Time to bust China’s “omniscient regulator” myth
By John Foley
The author is a Reuters Breakingviews columnist. The opinions expressed are his own.
China’s clever bureaucrats can no more guarantee the health of the country’s financial system than they can see through walls. It is time to bust the myth of the “omniscient regulator”.
Consider the duel between the People’s Bank of China and the China Banking Regulatory Commission. The former looks after monetary policy and financial stability. The latter monitors individual banks. Both are headed by smart technocrats, but relations are strained. An inter-agency council on stability has only met once since August, according to the Financial Times.
All the while, China’s financial sector runs amok. Non-bank “shadow” credit has hit 19.6 trillion yuan ($3.2 trillion), Deutsche Bank analysts estimate, 81 percent more than two years ago. Domestic bond issuers are defaulting for the first time in living memory. Real estate developers, which have soaked up masses of credit and homebuyers’ savings, are showing cracks.
Regulators must balance the bad and the good. Banks need to generate fees; innovation is good for growth. But they are also fighting problems they didn’t create. One driver of financial excess is China’s forced low deposit rate, which has driven savers into alternative investments like wealth products and property. The other is poor, politically driven governance of banks. Both are really decided not by regulators, but by China’s ruling party.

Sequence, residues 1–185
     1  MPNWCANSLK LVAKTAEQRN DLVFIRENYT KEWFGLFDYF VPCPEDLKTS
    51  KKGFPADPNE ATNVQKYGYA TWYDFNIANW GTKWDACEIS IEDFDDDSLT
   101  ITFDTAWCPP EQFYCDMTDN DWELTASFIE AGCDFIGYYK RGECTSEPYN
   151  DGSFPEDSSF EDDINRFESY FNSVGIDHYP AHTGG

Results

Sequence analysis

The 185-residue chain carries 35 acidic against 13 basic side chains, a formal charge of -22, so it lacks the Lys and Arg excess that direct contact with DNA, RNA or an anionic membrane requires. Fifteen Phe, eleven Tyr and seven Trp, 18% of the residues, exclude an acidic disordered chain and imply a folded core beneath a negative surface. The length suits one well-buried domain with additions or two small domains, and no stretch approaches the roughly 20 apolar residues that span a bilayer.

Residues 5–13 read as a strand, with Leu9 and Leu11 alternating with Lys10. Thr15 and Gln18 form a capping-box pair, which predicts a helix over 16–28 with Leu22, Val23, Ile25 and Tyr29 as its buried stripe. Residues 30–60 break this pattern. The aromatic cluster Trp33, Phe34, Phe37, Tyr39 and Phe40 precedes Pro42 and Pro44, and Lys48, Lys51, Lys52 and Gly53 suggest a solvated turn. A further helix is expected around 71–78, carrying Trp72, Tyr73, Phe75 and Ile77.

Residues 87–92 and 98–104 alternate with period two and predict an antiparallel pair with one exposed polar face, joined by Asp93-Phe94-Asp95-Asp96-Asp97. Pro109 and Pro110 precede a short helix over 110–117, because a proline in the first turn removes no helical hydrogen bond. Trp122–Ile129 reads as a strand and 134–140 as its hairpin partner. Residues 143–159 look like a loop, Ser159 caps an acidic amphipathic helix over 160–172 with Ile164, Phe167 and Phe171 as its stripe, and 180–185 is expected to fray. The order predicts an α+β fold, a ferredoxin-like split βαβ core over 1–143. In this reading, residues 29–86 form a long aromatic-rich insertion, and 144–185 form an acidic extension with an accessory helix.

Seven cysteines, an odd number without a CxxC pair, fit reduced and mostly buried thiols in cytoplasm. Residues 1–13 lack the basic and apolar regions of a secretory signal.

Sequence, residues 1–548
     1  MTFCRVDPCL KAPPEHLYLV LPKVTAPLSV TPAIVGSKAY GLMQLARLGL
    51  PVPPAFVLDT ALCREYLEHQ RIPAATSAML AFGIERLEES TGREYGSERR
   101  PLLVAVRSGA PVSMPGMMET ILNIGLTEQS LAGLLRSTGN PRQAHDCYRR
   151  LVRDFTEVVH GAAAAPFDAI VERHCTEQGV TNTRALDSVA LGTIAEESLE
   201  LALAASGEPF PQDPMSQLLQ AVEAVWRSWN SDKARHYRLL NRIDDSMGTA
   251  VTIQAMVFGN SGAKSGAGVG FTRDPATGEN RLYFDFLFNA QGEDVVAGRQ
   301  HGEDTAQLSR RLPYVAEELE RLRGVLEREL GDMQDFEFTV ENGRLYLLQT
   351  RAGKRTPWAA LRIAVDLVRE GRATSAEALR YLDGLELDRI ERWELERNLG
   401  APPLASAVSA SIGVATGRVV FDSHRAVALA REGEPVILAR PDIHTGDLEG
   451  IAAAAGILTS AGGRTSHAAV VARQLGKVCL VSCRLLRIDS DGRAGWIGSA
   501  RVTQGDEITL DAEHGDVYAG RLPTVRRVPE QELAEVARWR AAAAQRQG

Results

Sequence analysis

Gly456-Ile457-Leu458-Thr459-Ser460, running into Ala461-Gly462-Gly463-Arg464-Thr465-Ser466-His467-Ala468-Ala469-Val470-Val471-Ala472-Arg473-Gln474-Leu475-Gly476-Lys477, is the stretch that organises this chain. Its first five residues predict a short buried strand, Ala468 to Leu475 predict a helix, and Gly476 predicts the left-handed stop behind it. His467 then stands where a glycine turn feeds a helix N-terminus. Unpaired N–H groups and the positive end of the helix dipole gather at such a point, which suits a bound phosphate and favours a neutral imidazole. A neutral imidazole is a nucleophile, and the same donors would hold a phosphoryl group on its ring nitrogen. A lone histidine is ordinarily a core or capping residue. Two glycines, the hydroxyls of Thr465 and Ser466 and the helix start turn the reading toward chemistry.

Reforms that should have been simple have dragged. Take deposit insurance, which the authorities have been working on for over a decade but still has not been implemented. A CBRC plan to make banks hold more capital against interbank assets has been diluted.
This doesn’t mean the country is careening towards a financial crisis, or that watchdogs don’t have teeth. The PBOC has allowed rates in the interbank market to rise, making it harder for banks to fund shadow loans. The CBRC has limited how many wealth management products with credit-like features banks can issue.
Nor does it mean China doesn’t have some tools to fight a crisis. Liabilities are largely domestic; money printing is a last resort. Talk of a “Lehman moment” is wide of the mark. But misguided faith is equally unhelpful for investors. Regulators may be smart, but superheroes they are not.